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Call volume, however, has increased almost 150% since 1990, in part because of the growth experienced by the township and the opening of Interstate 78, and, going forward, is expected to continue to increase because of the many new developments approved – more than 1,000 housing units.

Being a firefighter requires graduating from a fire academy program, then maintaining and updating their skills by attending additional courses.

Uanis and Schaumberg gave a Power Point Presentation to the council during May on a potential solution to the staffing problems. They proposed:

1.   A quarterly stipend based on incident attendance percentage;

2.   An incentive stipend for attending advanced training courses;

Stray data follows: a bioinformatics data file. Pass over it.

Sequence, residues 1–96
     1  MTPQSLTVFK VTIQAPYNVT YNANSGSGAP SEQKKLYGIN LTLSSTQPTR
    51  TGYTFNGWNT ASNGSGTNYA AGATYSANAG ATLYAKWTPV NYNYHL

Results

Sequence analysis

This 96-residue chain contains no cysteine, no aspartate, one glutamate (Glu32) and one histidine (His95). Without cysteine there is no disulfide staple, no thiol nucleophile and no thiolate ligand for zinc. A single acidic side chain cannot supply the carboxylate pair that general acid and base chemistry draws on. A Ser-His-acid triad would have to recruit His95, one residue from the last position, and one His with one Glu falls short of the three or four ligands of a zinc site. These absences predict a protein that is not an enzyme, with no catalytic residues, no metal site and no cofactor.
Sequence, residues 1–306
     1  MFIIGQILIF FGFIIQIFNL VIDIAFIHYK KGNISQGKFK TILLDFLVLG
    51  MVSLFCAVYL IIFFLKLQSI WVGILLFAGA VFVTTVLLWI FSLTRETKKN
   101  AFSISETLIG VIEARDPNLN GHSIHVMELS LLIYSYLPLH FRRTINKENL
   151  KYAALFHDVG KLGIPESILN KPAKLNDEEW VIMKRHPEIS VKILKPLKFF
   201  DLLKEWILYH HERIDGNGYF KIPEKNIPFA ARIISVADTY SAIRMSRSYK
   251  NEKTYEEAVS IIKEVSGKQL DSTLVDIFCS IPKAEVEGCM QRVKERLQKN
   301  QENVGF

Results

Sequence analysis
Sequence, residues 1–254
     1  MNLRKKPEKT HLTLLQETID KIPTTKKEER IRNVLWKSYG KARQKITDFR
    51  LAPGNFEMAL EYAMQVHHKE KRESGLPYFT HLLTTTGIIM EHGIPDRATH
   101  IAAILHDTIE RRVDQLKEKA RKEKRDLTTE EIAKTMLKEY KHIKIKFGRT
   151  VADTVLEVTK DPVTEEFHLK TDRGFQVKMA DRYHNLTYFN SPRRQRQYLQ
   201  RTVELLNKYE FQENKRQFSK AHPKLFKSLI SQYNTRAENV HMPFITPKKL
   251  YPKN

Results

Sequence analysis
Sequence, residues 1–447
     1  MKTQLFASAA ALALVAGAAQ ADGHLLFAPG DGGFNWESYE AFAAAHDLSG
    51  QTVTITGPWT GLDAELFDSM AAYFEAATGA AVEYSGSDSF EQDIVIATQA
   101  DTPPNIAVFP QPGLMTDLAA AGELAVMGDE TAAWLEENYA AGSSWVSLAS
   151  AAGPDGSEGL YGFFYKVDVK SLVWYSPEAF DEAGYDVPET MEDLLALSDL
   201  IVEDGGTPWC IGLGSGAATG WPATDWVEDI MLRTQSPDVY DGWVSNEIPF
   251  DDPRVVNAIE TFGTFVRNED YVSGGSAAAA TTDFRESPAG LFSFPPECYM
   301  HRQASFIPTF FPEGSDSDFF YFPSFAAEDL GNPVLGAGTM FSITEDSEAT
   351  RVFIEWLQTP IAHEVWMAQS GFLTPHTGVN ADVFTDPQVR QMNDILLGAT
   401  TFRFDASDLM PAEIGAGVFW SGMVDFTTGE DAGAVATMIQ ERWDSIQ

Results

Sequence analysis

3.   An incentive stipend for overnight call attendance

4.   Adoption of a Length of Service Awards Program (LOSAP).

There is a benefit to this for the township and the firefighters. Providing those four benefits to the volunteer department would actually cost less than the cost of staffing the department with 20 full time firefighters, which would be the minimum staffing level required to safely and efficiently staff the department. It would also cost less than other alternatives.

Uanis, Schaumberg, and Deputy Fire Chief Jim Hopkins sat down with TAPinto Berkeley Heights before Memorial Day weekend and discussed the Incentive and Retention Plan which they presented to the mayor and council.